past 140,000 years.

From whence does this white skin come? Weren't we all taught that it was the black people who evolved black skin and it happened so they would be protected from getting skin cancer?

Forget it. Scientists have thrown the whole notion out. Here's how evolution works. If you don't live long enough to reproduce, your genes are lost to the gene pool forever. There being no high school back when Humans came into being, females started reproducing around the age of 13. Skin cancer develops later in life when the female has already reproduced and her genes have entered the world gene pool. Bye, bye skin cancer theory.

What scientists now believe is that everyone started out with dark skin in the first place because it is protective against absorbing too much Vitamin D, which is toxic. Too much vitamin D causes calcium to be pulled from the intestines and bones and deposited in soft tissues all over the body, damaging the kidneys, heart and blood vessels. Dark skin screens out UV radiation and your body, which uses UV to produce Vitamin D, produces less of it - a real evolutionary advantage at the lower latitudes where we began.

So where did the 10,000+ shades of paler brown, beige, pink, white and what Crayola crayons used to call "flesh" come from? Archaeological data places the origin of genetically modern humans in sub-Saharan Africa approximately 140,000 years ago. Humans then began migrating out of Africa in successive waves, starting approximately 100,000 years or 5000 generations ago. Now that scientists have mapped the human genome, they are homing in on when each wave began their outward bound journey and where they migrated to. So far they have confirmed that everyone on the entire planet, even the 1.3 billion Chinese, have a common ancestor back in Africa.

For example, the first wave appears to have been a migration to the Middle East and then eastward and northward from there. Some geneticists studying the human genome map believe that in a later north moving wave, which occurred about 60,000 years ago, a mere 50 people inbred together across successive generations to create all the people who now occupy Europe (excluding recent immigrants, of course).

But wait a minute, I have blond hair, blue eyes and my hair isn't nappy and I don't have thick lips. So how can my great, great, etc grandpappy be a black African? It's all from lines of genetic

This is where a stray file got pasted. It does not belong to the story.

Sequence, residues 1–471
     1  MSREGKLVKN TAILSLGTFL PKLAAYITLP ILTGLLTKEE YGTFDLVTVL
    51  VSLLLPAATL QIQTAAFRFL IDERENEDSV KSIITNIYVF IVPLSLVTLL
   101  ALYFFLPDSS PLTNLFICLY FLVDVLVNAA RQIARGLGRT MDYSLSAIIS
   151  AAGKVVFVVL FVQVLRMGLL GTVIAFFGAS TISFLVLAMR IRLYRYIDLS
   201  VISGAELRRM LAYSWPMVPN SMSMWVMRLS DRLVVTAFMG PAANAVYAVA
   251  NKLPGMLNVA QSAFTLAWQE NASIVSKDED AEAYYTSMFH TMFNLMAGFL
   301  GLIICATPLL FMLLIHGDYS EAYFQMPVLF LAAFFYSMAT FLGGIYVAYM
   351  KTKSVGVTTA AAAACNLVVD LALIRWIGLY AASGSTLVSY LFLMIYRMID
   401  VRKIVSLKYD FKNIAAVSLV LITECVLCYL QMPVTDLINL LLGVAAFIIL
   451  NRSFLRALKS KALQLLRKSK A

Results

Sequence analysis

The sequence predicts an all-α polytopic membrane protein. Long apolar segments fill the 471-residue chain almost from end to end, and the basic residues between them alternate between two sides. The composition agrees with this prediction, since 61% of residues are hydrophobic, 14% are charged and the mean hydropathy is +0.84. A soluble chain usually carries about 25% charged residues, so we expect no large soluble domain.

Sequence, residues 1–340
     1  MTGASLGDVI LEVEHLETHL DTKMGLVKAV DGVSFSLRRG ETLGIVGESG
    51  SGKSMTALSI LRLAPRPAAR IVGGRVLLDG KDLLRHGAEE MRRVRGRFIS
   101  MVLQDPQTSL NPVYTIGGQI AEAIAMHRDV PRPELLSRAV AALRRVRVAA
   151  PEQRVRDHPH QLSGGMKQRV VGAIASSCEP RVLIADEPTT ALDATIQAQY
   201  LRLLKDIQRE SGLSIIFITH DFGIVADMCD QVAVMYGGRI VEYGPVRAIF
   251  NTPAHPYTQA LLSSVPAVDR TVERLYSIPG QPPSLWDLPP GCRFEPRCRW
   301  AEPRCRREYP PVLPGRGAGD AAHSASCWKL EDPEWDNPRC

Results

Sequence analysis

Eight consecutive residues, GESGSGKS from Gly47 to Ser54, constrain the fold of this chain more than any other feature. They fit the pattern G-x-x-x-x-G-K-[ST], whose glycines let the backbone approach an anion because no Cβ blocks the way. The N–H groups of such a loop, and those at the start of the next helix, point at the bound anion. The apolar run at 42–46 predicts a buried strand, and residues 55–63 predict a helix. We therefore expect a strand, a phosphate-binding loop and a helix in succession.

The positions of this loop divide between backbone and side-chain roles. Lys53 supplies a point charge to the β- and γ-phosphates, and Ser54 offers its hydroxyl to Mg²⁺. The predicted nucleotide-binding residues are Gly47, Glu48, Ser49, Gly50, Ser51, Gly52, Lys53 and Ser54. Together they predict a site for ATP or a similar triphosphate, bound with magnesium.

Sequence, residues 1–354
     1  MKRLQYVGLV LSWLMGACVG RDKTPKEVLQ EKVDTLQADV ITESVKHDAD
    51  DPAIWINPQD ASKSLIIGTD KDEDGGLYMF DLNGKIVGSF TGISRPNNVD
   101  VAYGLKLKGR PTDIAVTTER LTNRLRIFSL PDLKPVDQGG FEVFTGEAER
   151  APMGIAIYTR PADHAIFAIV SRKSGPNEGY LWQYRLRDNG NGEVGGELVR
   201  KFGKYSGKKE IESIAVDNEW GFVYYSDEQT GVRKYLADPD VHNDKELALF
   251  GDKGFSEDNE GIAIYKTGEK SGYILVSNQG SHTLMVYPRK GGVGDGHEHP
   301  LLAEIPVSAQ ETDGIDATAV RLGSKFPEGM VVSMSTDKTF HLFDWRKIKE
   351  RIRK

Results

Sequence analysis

inheritance splitting apart and then coming together again. Lines of genetic inheritance, or lineages, split apart when there is a mutation that is evolutionarily advantageous, meaning the mutation makes it more likely for someone to reproduce greater numbers of offspring that survive. Someone with a non advantageous mutation has offspring that are less likely to survive.

So as humans migrated out of Africa, why did dark skinned people start losing the genetics Powerball Lottery to their paler kin? Lower UV levels in the sunlight of the more northern latitudes meant a dark skinned individual's body could not produce enough Vitamin D. Insufficient Vitamin D would then result in a child developing rickets. A child with rickets would not likely reproduce either because it would die before it could or because its pelvis would be so deformed it could not pass a child through the birth canal. Its genes would be lost forever. So lighter skin, and more absorption of Vitamin D at higher latitudes would be an adaptive genetic advantage.
Interestingly, in high latitudes where some people still retain dark skin, such as with the Inuit in the Arctic, the people obtain significant amounts of Vitamin D from eating fish and sea mammal
blubber.

Seal blubber aside, what about all the other features that make us look so different? Mutations that endure are often advantageous to specific climates. For example, the tall thin body of the Masai warrior dissipates heat while the short squat body of the Inuit retains it. Long northern European noses moisten and warm the air before it reaches lungs, while in Africa short noses remain because the air is already moist and warm. The Asian's eyelid folds protect their eyes against dry sandy desert winds and wind driven snow. In the far north, light sensitive blue eyes allow people to see better when it is dark much of the year. The tightly coiled hair of the African keeps the hair off his neck so he remains cooler. All these diverse physical features promote the promulgation of different lines of inheritance, or ethnic lineages.

Countering this splitting apart of ethnic lineages is the melding through interbreeding between different ethnic lineages. If you walk the Silk Road from Persia to China, across the southern flank of Asia, you will see a continuum of physical feature change. You will not be able to tell where the European look ends and the Asian begins.

Many mechanisms for melding ethnic lineages have been at play. The rape part of the plunder and pillage drill by invaders, traders passing through with silver to buy bedtime favors, marriages for political convenience to form alliances between not so friendly tribes, and the boy and girl from neighboring tribes sneaking out for a little tryst under the stars, have all contributed to the
recombining of diverse ethnic lineages.

So what we have instead of the meaningless terms Caucasian, Negro, Asian, etc, is a large multiplicity of ethnic lineages, all of whom descended from a only a single black race. So don't forget, next time you fill in the U.S. Census you should write in the word Black next
to the question about your race, regardless of your shade of pale.

 

 

 

 

Page last updated: Sunday, January 29, 2006 18:16:34 -0500